We are so pleased with how the oil made the wood grain pop, and how shiny it is now that it’s finished!


Oh, the work, though. It never ends. Mouldings are next. I am so thankful to have such a hard-working husband!

Stairs–Before and After

There’s a light at the end of this home-remodeling tunnel! My photo quality isn’t great, but I’m hoping you’ll still appreciate the before and after-difference…I do!

View Down the Stairs Before:


View Down the Stairs After:


View looking at old wall before the new window and chandelier:


View looking at clean new wall, window, and chandelier:


This photo is the entryway, before renovation, and is shown just so you can picture what the upper part of this area looked like for about 9 months. You’ll need your imagination to picture the pink insulation fluff that was hung in some places.  You’ll really have to stretch to imagine the plaster and 100-year-old coal dust that fell on our heads any time the Boogedy slammed a door upstairs.


Entryway–Before Pics

Actually, I failed to take a “before” picture, so you can’t really know how small and cramped our entryway felt before these changes. Last weekend Zach and his friend Ethan took down the wall that separated the entryway from the front parlor.


In this photo, I have estimated the size of the door that went from the parlor into the entryway. With little imagination, you will be able to block from your mind all of the things now visible where the wall once was.

I cannot tell you what an amazing difference this is. Our house feels grand!

Here is the view looking down from the stairs, again with an estimated doorway to show you how much more open the place feels!


Entry Room Window-Before and During photos

The west side of our entryway has always had a biggish window, made to seem small by the presence of a Huge swamp cooler taking up most of the opening. For ages, Zach has been talking about putting in a bigger window. His brother Eric came over on Saturday to help with this project. When they removed the swamp cooler, the whole window broke out, so then they had to do this whole project in the winter air.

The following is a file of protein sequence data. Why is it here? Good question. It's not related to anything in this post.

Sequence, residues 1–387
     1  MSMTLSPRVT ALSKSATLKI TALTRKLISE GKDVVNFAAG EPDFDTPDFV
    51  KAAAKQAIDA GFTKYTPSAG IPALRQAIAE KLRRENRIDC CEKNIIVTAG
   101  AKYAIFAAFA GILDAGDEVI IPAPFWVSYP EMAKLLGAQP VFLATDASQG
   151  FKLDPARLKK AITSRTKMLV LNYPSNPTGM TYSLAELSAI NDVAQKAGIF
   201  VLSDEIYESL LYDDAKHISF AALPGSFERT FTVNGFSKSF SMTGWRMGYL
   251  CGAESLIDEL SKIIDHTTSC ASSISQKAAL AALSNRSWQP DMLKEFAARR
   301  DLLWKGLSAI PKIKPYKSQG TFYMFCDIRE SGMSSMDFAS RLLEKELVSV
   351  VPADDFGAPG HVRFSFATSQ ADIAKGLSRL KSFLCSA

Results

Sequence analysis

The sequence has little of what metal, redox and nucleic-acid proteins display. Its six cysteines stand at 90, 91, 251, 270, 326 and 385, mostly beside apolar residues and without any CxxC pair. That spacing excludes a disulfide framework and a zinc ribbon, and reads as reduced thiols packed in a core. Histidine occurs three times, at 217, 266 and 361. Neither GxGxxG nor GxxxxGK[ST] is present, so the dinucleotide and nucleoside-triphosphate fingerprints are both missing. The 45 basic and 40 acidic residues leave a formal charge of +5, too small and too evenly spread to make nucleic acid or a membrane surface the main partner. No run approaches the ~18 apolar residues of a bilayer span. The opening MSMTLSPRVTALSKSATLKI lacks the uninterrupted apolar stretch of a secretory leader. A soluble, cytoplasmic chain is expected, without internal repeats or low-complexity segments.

It took both days Saturday and Sunday, and they finally finished at 4:00am in the morning (Sunday night). You cannot imagine how my heart was pounding as they were lifting the 4×8-ft window into its SECOND FLOOR spot from the outside on their ladders. AND, it was beginning to drizzle icy cold water which dripped onto their heads!

Here’s the view looking up from the entryway. Lots of Sky!!



Unfortunately, we hadn’t quite considered the view from the landing. Lots of roof and road. SO. It looks like I’ll be making sheer curtains, which will serve the dual purpose of shielding me from the street view as I run from the shower to the bedroom sans clothes.

Here’s the window at the dark of dawn. Finish details coming soon!


Spring Heartbreak


This will be our third summer in this house. Every year we’ve planted new baby fruit trees, and lovingly nurtured them all through the scorching heat with daily watering and care. This last summer the neighbor’s rabbit escaped her measley, miserable confines and ran away to our backyard paradise. The neighbor eventually gave up on fetching her home, because she is really hard to catch. That was ok with me, and we fed her leftovers and greens from our kitchen. Zach even put up barriers to keep her from eating the baby trees. However, once the snow got deep enough, she just walked up to the trees and was able to nibble the bark off of anything she wanted. And she did.


15 fruit trees will be dead this year. Heirloom apricots, almonds, peaches, dwarves and standards, all gone. Only the cherry and apple remain untouched.

Zach caught the rabbit and tossed her over the fence, but has vowed that we will be eating rabbit stew if she dares to return.


Update: We caught the rabbit. And my big words about rabbit stew were useless against her cute bunnyness. Instead, I gave her to my brother-in-law, who said she could live in his yard, where all the trees are adults. Plus, he lives 10 miles away.

Great Room-BEFORE pics

I know, I know…all I ever give you guys is Before pictures, never any Afters. But here’s the thing…Everyone expects before pics to look bad. I am not a great photographer, so my after pics never make anything look as good as it feels.